Happy Birthday, Yves Saint Laurent!
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By Lauren Kaplan August 01, 2014
Saint Laurent designed this cocktail dress in 1965 as a tribute to Piet Mondrian. Needless to say, it has been replicated time and time again.
He truly changed women's fashion (and shook things up a little) when he debuted le smoking, a tuxedo suit, in 1967. The black-tie menswear suit was reinterpreted for the female form, and something that Saint Laurent always came back to. This particular photograph of the look was taken by Helmut Newton in 1975 for Vogue.
In 1968, Saint Laurent put his spin on the safari jacket, and made it a staple for women's attire.
Style icon Bianca Jagger wore an unforgettably white YSL suit when she married Mick Jagger in 1971.
The designer created a controversial green fox fur coat, which was modeled by Willy Van Rooy and photographed by Hans Feurer.
Saint Laurent's Russian collection of 1976 reinforced his knack at turning ethnic costume into wearable women's fashion.
This simple velvet sheath dress was part of Saint Laurent's Fall/Winter 1983 Paris couture collection. The pink satin bow makes it a standout piece.
Carla Bruni posed in Saint Laurent's dove wedding dress from 1988.
He made quite the statement on the 1990 Fall/Winter runway with this tiger-print multicolor feather coat.
One of YSL's muses, Laetitia Casta modeled a flowery wedding gown in the 1999 spring haute couture show.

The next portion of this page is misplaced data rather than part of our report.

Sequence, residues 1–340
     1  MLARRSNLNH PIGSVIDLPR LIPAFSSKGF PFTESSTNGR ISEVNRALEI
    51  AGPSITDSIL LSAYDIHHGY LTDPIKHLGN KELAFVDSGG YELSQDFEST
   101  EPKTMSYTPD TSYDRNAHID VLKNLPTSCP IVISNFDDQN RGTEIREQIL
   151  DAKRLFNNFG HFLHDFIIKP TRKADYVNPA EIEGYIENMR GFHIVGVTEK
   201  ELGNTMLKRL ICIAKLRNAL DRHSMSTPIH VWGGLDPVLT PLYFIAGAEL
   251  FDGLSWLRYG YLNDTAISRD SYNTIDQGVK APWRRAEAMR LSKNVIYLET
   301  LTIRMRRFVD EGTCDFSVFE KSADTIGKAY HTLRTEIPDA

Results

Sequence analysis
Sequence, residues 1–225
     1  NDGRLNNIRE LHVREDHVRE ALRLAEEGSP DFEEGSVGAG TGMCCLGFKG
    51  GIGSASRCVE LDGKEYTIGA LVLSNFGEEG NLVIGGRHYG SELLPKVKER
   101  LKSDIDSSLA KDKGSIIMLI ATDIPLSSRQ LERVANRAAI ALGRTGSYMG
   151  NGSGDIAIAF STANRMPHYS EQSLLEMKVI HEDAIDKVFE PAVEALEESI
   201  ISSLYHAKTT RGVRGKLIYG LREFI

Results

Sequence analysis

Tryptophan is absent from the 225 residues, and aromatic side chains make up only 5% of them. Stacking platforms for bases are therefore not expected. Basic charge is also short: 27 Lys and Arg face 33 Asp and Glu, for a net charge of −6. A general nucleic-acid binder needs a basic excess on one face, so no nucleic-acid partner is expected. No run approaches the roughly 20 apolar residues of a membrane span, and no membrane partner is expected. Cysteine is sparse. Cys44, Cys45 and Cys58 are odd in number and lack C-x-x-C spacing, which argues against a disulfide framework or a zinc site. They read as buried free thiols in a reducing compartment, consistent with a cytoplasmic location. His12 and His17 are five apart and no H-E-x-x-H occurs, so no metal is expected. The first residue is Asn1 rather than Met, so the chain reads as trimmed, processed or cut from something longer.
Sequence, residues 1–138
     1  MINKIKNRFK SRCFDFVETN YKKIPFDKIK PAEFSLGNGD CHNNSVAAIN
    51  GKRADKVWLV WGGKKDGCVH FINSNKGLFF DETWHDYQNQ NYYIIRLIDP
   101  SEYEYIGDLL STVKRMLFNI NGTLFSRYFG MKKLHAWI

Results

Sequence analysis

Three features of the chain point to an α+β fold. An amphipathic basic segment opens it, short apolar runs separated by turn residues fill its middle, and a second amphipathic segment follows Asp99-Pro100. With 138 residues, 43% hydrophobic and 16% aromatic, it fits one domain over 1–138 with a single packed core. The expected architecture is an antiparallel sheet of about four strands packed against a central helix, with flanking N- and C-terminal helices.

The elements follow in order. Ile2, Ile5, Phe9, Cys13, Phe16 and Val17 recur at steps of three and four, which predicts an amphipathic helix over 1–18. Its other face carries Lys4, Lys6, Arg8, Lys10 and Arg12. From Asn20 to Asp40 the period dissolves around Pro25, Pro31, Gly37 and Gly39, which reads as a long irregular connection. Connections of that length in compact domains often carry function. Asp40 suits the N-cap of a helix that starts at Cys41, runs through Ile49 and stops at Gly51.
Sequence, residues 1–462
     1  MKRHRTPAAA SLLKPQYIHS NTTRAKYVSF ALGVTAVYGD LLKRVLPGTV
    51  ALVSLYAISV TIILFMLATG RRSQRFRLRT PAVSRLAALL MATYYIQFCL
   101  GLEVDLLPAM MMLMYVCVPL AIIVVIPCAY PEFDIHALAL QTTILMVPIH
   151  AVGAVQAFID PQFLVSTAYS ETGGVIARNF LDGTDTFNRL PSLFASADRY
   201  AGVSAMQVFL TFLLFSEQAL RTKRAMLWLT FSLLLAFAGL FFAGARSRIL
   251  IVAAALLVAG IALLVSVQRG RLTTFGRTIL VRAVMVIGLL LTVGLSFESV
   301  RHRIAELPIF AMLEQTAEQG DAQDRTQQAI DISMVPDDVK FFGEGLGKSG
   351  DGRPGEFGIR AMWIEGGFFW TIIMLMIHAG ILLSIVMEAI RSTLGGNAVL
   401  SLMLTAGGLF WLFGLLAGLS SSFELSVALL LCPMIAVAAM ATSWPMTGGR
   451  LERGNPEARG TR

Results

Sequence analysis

The word "icon" gets thrown around quite a bit in the fashion industry, but today is a day that we can use it in the most truthful way we know how: to describe Yves Saint Laurent. The late designer (who is the subject of not one, but two upcoming biopics) was always thinking ahead of the times and truly pushed the envelope when it came to women's clothes. There was nothing to scandalous, too masculine or too revealing for Saint Laurent to put on the runway or lend to a magazine for a photo shoot. In fact, any time he did, the fashion industry rejoiced. Perhaps he said it best himself: "Chanel freed women; I empowered them." And for that, we thank him by continuing to sport menswear-inspired suits, fresh takes on the safari jacket and gowns that are serious, but not too serious. His fast-paced, partying lifestyle informed his revolutionary designs, allowing women to take risks in the way they dressed and challenging fashion's long-standing conventions. Though he struggled with drug addiction and depression, he changed the face of women's fashion by making it okay—attractive, even—to be unconventional, both in dress and in attitude. And that's the mark of a true icon.Read More ↓